A tragic tale of two dogs
June 27, 2013
On June 10, two out of three dogs died a senseless death because they were left in a closed-up car. The high temperature that day in Fallon was 93 degrees. The dogs' owner (let's call this person "J. Doe") claims that the dogs were left alone for no longer than 30 minutes.
What can happen in 30 minutes? At 85 degrees, which is more tolerable than 93 degrees, a car's interior will be 120 degrees. At this point, the oncoming heat stroke starts affecting internal organs. Here is what WebMD says about heat stroke in dogs:
"Heat stroke begins with heavy panting and difficulty breathing. The tongue and mucous membranes appear bright red. The saliva is thick and tenacious, and the dog often vomits. The rectal temperature rises to 104° to 110°F. The dog becomes progressively unsteady and passes bloody diarrhea. As shock sets in, the lips and mucous membranes turn gray. Collapse, seizures, coma, and death rapidly ensue."
We at CAPS are of course saddened by any pet's preventable death, but in this case one of these dogs, who we will call "Spot," had been adopted from CAPS in September 2010, along with another dog, who we will call "Spike," who thankfully did not die. We did not know Spot's companion-in-death.
J. Doe contends that the deaths were an unforeseeable accident because the alternator quit running, cutting the power that ran air conditioning. CAPS contends that this was foreseeable because common sense dictates that car parts can malfunction at any time and responsible pet owners do not leave their companions in closed vehicles when it's hot.
And what did J. Doe do? This person adopted a pit bull puppy the very next day! The puppy was given to J. Doe's 18-year-old daughter, who lives with her parent, as a "gift."
On June 15, a CAPS staff member legally seized not only Spike but also the puppy from J. Doe's daughter, the legal owner, who willingly signed the surrender form. On this date, they were living at a local motel, though both parent and daughter had been homeless only shortly before. The daughter fully understood that they weren't able to care for the dogs in their present situation.
Prior to claiming Spike and the puppy, CAPS personnel filed a report with the Fallon Police Department, which turned it over to county sheriff's office, and requested that an officer accompany the staff member. (However, all deputies were attending to other business at the time, but problems weren't encountered.)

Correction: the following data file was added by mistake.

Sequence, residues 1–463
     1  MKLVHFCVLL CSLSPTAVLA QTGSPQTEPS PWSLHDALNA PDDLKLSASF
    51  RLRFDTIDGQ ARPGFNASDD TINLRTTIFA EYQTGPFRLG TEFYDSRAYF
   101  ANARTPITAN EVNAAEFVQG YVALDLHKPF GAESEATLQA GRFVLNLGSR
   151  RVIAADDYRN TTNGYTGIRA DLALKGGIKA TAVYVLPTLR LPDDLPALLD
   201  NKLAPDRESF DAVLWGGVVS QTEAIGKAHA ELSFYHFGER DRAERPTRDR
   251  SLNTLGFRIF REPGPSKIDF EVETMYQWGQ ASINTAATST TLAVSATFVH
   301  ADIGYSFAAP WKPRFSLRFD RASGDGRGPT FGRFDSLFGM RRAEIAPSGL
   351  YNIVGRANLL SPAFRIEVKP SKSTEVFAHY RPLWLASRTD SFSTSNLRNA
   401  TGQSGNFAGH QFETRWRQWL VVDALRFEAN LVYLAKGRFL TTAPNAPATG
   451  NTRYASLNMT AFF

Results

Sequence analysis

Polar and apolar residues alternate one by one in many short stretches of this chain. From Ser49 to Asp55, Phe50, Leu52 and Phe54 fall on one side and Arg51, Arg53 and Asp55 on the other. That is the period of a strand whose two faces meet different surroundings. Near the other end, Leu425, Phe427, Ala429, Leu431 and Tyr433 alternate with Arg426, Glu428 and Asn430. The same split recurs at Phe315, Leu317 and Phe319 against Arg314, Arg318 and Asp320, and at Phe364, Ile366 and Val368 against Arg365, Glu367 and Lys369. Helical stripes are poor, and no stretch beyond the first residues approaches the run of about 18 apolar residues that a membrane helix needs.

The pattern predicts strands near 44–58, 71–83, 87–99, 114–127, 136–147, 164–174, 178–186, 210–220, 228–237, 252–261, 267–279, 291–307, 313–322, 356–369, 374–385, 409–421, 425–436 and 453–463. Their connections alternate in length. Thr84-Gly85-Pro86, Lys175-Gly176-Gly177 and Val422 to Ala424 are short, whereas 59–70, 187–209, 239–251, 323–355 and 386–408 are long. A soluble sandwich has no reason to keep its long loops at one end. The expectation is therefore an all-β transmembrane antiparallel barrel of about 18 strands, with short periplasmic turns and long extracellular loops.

You may be wondering how CAPS can do this. When a dog or cat is adopted, the adopter must sign a contract that lists several provisions. Two of these are the following, which J. Doe initialed when adopting the dogs:
Item 2 of the contract: "I will accept this animal as a household pet and companion and will comply with all laws and ordinances in force in the area in which I reside by providing humane care, proper food, water, shelter, exercise, and competent veterinary care in case of illness or injury applicable to above described animal." (NRS 574.195 states that leaving a pet animal in a vehicle in unsafe conditions is a crime.)
Item 4: "I will return said animal to CAPS if, at any time, I am requested to do so by the Society because of my violation of any of the terms of this agreement, making no charge for its upkeep or for any other reason."
Since that Saturday when Spike and the puppy were rescued, J. Doe has repeatedly asked for permission to speak to the board of directors and have Spike returned. The board has refused because J. Doe clearly did not follow the provisions in the signed contract. The board fully backs all regulations that the shelter requires for adoptions, low-cost spay/neuter help and the like.
On June 18, Teresa Summers, executive director and shelter manager, spoke with Art Mallory, Churchill County's district attorney, about this situation, and we have been assured that seizing both dogs, but particularly the puppy, was legal. In addition, J. Doe is still not taking responsibility for the dogs' deaths and will not be able to adopt from CAPS in the future.
In conclusion, the CAPS board and staff urge you to leave your furry friend home in hot weather. Please be a responsible pet owner or don't have pets.
This week's article was contributed by Betty Duncan, a member of the CAPS board of directors.